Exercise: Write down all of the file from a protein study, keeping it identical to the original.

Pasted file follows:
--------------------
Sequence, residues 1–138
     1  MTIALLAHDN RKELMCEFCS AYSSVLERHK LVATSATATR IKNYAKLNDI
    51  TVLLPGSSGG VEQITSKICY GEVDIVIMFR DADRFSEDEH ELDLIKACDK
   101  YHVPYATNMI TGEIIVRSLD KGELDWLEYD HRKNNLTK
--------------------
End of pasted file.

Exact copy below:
Sequence, residues 1–138
     1  MTIALLAHDN RKELMCEFCS AYSSVLERHK LVATSATATR IKNYAKLNDI
    51  TVLLPGSSGG VEQITSKICY GEVDIVIMFR DADRFSEDEH ELDLIKACDK
   101  YHVPYATNMI TGEIIVRSLD KGELDWLEYD HRKNNLTK